Monetary Policy 2016-17

Nepal Rastra Bank (NRB) – the central regulatory and monetary authority – has made strategic shift in monetary operations through introduction of Interest Rate Corridor (IRC) in the Monetary Policy 2016-17. The IRC had long been suggested by the International Monetary Fund (IMF) for the predictability of interest rates which is crucial in creating an investment-friendly environment in the country. Monetary Policy has also taken some critical steps towards price stability, financial sector stability and external sector stability.

The Monetary Policy has targeted to keep inflation below 7.5 percent which is challenging for the Central Bank as the government introduced expansionary fiscal policy for this financial year. However, the Central Bank has clearly stated in the Monetary Policy that the Central Bank will not be able to tame inflation spiked by supply side constraints as it has witnessed rampant inflation in the last fiscal due to supply side challenges. Low supply in the market due to supply line disruptions from India flourished black marketing and hoarding in the market causing double-digit inflation in the last fiscal. The Central Bank has said that it will be able to keep inflationary targets at desired level caused by the demand side. The government has pushed NRB into a challenging corner by fixing inflationary target of 7.5 percent for this fiscal through fiscal budget 2016-17. The Central Bank has responded the government that it can maintain 7.5 percent target only if government ensures smooth supply and proper storage of the essential commodities.

The Monetary Policy has set target to expand private sector lending by 20 percent to achieve economic growth target of 6.5 percent set by the government. It has also envisioned tightening broad money supply to keep inflation at desired level. The government achieved 0.77 percent growth in the last fiscal as broad money supply surged by around 18 percent. However, NRB has said that it will tighten broad money supply growth to 17 percent this fiscal. In addition, NRB has announced setting counter-cyclical buffer requirement for commercial banks – as part of implementing the Basel III standard – at a maximum of 2.5 percent. Such buffer capital is intended to cover losses when there is sudden volatility or risk in the economy. This capital is drawn from banks when they are in profits. There will be contraction in credit expansion due to additional counter cyclical buffer on top of the existing Capital Adequacy Ratio (CAR), say bankers.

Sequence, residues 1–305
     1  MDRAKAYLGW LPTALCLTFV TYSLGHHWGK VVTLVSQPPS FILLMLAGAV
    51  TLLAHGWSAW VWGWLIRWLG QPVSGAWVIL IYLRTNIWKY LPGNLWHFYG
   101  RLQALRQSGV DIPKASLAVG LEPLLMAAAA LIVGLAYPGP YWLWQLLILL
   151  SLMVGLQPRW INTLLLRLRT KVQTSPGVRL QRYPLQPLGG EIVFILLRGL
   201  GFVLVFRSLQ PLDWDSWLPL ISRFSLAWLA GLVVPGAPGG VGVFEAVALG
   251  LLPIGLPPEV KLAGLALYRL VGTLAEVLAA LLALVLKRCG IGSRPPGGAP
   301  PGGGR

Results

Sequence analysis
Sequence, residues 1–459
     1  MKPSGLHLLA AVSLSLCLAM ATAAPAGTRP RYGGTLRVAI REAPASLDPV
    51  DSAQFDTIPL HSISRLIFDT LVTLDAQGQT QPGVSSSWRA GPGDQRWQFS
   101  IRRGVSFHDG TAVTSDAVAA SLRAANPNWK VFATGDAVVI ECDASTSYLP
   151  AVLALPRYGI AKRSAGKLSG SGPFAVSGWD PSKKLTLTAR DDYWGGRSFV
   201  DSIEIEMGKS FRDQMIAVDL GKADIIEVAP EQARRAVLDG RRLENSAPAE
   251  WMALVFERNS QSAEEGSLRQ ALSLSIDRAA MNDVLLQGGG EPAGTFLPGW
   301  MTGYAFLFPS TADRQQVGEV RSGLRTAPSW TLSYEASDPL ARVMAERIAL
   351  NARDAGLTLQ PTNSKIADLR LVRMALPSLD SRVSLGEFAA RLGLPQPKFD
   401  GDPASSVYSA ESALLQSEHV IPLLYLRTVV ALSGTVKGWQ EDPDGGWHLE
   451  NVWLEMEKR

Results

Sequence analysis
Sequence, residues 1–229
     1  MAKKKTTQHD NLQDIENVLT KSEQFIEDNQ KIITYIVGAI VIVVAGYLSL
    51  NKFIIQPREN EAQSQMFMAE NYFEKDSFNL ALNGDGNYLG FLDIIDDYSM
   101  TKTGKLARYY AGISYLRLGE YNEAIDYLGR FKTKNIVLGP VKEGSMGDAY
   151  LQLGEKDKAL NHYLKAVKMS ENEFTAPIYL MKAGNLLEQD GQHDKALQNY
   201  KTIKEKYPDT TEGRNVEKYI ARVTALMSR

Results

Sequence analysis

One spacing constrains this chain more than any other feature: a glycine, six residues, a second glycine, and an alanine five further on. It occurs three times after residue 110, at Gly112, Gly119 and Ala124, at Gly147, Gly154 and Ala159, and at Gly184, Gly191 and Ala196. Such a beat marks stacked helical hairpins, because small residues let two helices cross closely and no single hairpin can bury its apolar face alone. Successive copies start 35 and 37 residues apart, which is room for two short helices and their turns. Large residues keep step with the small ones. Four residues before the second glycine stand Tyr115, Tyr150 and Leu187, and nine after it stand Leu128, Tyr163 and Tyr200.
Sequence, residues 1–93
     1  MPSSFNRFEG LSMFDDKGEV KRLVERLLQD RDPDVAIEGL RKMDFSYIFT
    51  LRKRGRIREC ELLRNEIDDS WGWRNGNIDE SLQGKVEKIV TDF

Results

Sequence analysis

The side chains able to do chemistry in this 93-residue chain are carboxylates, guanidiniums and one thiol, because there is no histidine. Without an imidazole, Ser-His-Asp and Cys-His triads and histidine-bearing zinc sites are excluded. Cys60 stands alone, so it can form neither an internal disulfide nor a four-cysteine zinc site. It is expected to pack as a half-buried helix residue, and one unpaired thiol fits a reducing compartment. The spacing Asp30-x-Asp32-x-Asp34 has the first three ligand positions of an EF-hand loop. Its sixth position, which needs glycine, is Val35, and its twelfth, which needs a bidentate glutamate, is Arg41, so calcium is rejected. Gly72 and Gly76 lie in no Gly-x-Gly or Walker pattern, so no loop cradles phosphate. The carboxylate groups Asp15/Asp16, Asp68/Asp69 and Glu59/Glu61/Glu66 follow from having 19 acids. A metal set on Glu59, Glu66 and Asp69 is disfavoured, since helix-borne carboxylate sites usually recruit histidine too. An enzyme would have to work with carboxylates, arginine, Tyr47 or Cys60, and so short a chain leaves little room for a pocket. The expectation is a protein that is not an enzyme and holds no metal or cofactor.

Major Changes

Interest Rate Corridor (IRC): The Central Bank has introduced IRC for the predictability of interest rate. All types of interest rates like in repo, reverse repo, treasury bills, government bond, deposit, lending, inter-bank rates among others will move in this corridor. Interest rate on reverse repo is lower bound and interest rate on Standing Liquidity Facility (SLF) is upper bound. Normally, there will not be a huge gap in any type of interest rate from the policy rate or repo rate of the NRB which moves from the centre of the corridor. NRB adds 200 basis points (2 percent) on the interbank rate of two days back while issuing repo to banks and financial institutions (BFIs). The IRC is expected to address the interest rate volatility in the long run.

Tightened Margin Lending:  NRB has also revised the policy of margin lending or loans against share collateral. BFIs will be able to float only 50 percent loans on the valuation of average trading price of shares of the last 180 days or the late market price of the share, whichever is lower. Earlier, BFIs were allowed to issue up to 60 percent loan against share collateral on the aforementioned valuation. The Central Bank has tightened the margin lending to curb the flow of finance towards stock market as the country‘s only trading bourse has been roaring due to cheaper financing facility from the banking system.


Reduce the level of institutional deposits:  The Central Bank will not allow BFIs to obtain more than half of their total deposit from institutional depositors like Employee Provident Fund, Citizen Investment Trust and various other welfare funds. Earlier, BFIs were allowed to obtain up to 60 percent of the deposit from institutional depositors. This provision has increased the cushion of household and individual savings.